Once you have this design you will need to sketch it out onto your Watercolour paper! Need some advice on sketching? Why not check out this blog post here!

Step 3: Colour Selection

Now that you have your design finalised you need to pick your colour combination. Linda Barker suggests that using a light, mid and dark colour produces the best results. If the colours selected are too close in colour range then the pouring technique will not be effective. If you have never used the Watercolour Pouring Technique before Linda Barker suggests that using the three primary colours,  Red, Blue and Yellow is a good place to begin as any colour in the rainbow can be made from these. Leslie Lambert Redhead recommends Winsor and Newton for watercolour paint, here at Pen and Paper we have a wide variety of Winsor and Newton paint starting at just £2.75!

Cotman Watercolour Paint 21ml Tubes

Cotman Watercolour Paint 8ml Tubes – Windsor & Newton – £2.75

Step 4: Paint Preparation

Now that you have selected what colour paints you are going to use, you will need to prep the paint for pouring. For this you will need three containers to hold the watercolour paint, next you want to add paint to these separate containers and mix with water until it is of a consistency that is suitable to pour fluidly. Make sure you test the colour you have created on a piece of paper to ensure you are happy with it! Remember the more water you add the lighter the shade of paint will be and the more paint you add the more opaque the pour will be.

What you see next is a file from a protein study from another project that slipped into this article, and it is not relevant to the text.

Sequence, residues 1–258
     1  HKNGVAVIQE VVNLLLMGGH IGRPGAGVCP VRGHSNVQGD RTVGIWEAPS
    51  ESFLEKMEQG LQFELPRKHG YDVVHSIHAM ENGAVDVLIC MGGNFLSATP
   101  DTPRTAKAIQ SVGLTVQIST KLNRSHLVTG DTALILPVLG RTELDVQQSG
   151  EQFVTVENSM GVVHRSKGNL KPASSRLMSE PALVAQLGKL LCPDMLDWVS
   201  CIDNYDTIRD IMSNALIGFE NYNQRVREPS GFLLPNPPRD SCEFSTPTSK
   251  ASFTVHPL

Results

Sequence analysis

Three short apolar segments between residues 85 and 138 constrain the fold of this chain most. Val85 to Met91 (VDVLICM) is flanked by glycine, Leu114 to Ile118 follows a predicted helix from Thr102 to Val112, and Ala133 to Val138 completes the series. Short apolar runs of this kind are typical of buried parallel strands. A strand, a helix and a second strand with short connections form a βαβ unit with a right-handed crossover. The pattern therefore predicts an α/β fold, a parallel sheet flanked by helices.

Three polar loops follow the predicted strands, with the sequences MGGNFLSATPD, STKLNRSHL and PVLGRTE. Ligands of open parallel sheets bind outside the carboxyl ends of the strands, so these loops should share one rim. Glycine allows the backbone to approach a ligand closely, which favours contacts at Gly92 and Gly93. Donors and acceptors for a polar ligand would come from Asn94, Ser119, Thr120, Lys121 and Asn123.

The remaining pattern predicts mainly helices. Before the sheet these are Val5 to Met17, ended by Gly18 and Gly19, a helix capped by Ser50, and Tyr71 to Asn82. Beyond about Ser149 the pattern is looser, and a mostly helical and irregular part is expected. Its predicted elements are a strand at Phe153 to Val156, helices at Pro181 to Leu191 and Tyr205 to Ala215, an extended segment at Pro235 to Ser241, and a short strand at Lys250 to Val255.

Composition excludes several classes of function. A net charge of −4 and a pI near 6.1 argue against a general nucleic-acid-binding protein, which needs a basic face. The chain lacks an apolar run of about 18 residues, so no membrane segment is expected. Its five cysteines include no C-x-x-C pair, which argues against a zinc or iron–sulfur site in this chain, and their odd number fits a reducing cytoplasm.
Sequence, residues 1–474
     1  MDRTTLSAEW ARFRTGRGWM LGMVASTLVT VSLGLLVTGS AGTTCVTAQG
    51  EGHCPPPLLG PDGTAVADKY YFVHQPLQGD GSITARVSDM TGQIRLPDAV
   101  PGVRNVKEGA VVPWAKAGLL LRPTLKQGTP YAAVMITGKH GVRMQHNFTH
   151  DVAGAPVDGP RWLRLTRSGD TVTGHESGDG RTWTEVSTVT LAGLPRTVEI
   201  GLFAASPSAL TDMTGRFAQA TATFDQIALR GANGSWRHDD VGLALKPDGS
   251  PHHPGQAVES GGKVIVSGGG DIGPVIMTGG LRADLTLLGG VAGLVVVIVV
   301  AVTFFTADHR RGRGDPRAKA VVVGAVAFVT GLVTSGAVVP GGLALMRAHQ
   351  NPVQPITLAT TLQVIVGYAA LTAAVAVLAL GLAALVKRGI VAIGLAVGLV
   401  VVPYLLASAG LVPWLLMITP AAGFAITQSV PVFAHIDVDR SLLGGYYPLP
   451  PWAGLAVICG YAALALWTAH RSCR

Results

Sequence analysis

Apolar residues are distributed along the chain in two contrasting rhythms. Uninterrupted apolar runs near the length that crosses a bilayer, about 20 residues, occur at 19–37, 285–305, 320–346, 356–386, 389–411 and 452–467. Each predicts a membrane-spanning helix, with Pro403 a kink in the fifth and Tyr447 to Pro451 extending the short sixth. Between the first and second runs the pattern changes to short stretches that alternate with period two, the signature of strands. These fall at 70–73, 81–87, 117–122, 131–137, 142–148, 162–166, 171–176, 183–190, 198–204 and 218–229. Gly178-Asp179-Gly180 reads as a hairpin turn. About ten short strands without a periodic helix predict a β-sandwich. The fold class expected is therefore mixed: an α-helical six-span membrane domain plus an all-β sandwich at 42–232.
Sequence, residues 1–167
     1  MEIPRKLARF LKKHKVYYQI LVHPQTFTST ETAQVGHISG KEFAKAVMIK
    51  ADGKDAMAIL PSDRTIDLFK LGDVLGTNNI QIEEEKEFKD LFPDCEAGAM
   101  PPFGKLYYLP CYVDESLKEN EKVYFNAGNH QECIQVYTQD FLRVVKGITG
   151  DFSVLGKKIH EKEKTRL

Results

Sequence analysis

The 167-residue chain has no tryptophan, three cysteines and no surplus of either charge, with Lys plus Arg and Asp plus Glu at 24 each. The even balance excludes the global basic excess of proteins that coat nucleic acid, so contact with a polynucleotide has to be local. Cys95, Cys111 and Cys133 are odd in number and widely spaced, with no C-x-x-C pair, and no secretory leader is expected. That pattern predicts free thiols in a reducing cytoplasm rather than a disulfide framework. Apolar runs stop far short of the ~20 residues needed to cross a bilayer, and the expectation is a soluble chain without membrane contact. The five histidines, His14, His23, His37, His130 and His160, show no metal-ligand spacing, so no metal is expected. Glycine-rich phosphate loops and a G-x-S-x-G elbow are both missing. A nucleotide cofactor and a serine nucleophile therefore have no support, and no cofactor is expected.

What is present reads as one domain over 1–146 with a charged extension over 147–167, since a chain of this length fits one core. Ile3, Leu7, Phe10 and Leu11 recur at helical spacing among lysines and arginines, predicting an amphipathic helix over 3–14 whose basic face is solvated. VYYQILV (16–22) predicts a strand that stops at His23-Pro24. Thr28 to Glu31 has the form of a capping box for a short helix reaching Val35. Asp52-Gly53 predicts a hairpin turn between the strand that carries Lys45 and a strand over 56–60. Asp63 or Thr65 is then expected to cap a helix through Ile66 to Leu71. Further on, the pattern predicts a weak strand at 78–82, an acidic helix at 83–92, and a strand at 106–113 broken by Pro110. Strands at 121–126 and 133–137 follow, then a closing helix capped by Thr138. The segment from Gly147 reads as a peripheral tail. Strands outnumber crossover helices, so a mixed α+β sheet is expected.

Step 5: Masking & Pouring

Now comes the bit you’ve been waiting for…THE WATERCOLOUR POURING!

Firstly you need to mask any sections of the design that you do not want to get paint on. Generally people will pick to use the watercolour pouring technique on either the foreground or the background of the painting but not both (unless you use 2 different sets of colours).

Masking fluid is very commonly used to mask certain areas of a painting. There are plenty of ways to do this such as using normal paintbrushes, sponges or dipping pens. The selection of tool to use will most likely be determined by what surface area you are trying to mask! A lot of painters tend to opt for brushes when masking as this is what they are most comfortable with!

Need some extra help with masking your design? Here is a really helpful blogpost!

Now you have masked the areas you do not want to add any paint to via the watercolour pouring technique, it is time to pour your lightest shade on, pour in a fluid motion from one side of the page to the other. Next go in with your mid colour and then your darkest colour.

Once you have done this you can pick your board up and start mixing the colours together. Then once your design is looking how you want it too, it’s time to dispose of the excess paint. Do this into a separate container or some absorbent paper (And try not to make too much of a mess)!